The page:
Protection of intellectual property is essential for any artist, writer, business or media outlet. No matter the material, these groups or people have the right to register their art or material for a copyright or patent protecting their rights and potential earnings. Anime falls under these laws, like any other form of media.
Anime falls under the audiovisual definition according to the U.S. Copyright Office. According to Subject Matter and Scope of Copyright from the U.S. Copyright office, audiovisual is defined as "works that consist of a series of related images which are intrinsically intended to be shown by the use of machines or devices such as projectors, viewers, or electronic equipment, together with accompanying sounds, if any, regardless of the nature of the material objects, such as films or tapes, in which the works are embodied."
Duration of Copyright
In general, with works created after 1978, a copyright endures throughout the author's life plus 70 years after the author's death. With joint works, the copyright endures until 70 years after the last surviving author's death. An anonymous, pseudonym, or hired work is protected for 90 years after the work is published or 120 years after the work is finished, whichever comes first.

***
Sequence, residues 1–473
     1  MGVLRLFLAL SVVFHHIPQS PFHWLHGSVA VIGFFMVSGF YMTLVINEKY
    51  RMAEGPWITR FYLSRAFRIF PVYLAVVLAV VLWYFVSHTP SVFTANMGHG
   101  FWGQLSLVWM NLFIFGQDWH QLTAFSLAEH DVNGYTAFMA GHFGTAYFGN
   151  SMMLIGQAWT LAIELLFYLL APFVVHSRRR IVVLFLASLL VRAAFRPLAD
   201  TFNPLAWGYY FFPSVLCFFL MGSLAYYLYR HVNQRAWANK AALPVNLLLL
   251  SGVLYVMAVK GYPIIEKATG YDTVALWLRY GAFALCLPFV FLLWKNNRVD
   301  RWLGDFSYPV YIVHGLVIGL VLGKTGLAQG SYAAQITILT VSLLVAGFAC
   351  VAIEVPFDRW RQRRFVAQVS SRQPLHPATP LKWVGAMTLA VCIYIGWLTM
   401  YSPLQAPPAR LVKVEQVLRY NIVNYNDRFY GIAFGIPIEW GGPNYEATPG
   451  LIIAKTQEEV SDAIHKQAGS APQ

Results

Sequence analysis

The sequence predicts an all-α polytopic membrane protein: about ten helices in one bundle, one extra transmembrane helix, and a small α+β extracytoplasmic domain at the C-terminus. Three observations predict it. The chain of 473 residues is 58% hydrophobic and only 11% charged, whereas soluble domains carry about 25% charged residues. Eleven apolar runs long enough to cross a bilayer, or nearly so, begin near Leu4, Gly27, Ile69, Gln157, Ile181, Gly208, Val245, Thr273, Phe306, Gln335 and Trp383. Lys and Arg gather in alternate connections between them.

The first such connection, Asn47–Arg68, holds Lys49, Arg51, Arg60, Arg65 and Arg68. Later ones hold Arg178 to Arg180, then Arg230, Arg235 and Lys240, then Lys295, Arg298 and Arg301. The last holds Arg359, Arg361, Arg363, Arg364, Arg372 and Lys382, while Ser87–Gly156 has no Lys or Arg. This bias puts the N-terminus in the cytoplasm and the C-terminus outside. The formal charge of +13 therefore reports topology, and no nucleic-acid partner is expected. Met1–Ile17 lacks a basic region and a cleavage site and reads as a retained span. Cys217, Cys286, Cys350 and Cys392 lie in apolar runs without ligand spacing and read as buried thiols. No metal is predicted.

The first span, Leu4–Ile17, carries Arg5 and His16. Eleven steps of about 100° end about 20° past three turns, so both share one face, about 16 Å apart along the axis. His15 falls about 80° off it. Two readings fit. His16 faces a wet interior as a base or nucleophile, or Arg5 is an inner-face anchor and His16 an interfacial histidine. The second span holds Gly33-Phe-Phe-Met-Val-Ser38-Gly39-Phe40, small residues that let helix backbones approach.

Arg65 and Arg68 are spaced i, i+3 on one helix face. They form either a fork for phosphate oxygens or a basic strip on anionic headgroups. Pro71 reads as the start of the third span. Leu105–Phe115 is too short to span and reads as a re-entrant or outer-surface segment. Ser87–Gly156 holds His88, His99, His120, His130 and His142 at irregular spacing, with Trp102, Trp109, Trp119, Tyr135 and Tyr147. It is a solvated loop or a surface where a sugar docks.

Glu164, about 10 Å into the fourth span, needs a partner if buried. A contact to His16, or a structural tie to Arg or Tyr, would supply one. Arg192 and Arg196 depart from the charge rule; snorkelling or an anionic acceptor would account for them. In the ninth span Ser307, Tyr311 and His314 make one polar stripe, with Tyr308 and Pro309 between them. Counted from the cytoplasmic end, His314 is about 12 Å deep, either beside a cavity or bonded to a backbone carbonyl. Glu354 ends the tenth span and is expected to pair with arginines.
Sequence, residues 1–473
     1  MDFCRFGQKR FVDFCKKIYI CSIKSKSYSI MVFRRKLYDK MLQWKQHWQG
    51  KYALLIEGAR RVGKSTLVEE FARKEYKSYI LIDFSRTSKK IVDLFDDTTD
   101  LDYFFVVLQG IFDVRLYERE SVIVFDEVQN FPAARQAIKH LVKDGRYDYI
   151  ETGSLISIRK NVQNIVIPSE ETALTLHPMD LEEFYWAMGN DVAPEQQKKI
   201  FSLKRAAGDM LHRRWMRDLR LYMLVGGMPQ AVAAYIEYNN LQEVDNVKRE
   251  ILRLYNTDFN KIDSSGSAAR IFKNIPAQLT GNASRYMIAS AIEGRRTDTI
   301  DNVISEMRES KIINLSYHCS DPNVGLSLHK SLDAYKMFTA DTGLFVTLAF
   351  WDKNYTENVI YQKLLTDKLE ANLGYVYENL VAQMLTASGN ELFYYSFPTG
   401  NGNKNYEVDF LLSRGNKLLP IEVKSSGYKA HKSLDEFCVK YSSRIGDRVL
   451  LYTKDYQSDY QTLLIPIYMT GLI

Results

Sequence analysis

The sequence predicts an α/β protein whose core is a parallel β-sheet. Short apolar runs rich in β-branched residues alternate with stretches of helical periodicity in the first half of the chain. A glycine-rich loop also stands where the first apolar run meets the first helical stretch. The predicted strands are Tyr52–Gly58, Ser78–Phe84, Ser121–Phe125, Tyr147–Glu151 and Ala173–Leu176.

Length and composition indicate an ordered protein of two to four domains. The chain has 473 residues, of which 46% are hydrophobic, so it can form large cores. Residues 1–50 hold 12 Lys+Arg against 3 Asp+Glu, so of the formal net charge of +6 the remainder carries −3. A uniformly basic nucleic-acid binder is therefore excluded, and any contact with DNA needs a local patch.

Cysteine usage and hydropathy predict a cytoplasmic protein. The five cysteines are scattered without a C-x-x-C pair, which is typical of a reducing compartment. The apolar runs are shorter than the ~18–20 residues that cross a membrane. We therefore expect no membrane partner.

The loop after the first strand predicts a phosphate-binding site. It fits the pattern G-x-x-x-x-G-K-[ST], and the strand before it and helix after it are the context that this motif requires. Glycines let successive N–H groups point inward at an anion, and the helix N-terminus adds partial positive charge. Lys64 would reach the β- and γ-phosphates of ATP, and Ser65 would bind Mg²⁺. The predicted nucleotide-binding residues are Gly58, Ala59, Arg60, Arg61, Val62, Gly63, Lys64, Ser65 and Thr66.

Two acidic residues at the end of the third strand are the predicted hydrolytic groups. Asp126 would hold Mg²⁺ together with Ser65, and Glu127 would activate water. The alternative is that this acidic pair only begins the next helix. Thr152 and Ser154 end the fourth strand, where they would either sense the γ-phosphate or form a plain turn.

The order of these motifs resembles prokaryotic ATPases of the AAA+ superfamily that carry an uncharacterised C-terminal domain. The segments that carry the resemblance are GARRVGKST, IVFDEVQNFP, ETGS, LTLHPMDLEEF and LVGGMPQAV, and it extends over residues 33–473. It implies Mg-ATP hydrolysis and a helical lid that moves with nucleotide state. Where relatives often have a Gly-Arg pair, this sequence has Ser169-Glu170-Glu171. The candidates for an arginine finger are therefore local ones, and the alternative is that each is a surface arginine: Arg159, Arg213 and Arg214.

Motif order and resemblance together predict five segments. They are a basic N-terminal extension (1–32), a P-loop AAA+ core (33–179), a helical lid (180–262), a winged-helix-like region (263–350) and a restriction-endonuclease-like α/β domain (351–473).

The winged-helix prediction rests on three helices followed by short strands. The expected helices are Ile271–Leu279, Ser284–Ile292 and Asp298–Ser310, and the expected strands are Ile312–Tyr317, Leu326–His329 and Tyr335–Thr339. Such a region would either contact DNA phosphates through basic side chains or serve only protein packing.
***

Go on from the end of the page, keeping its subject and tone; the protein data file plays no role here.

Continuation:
Read More: Video Copyright Laws
The Copyright Royalty and Distribution Reform Act of 2004
The Copyright Royalty and Distribution Reform Act of 2004 protects author rights, owner rights, earnings potential and owner control if the copyrighted media or work is licensed or broadcast over any electronic medium. The act guarantees the continued control over copyrighted material.
- Angry one image by AirMan from Fotolia.com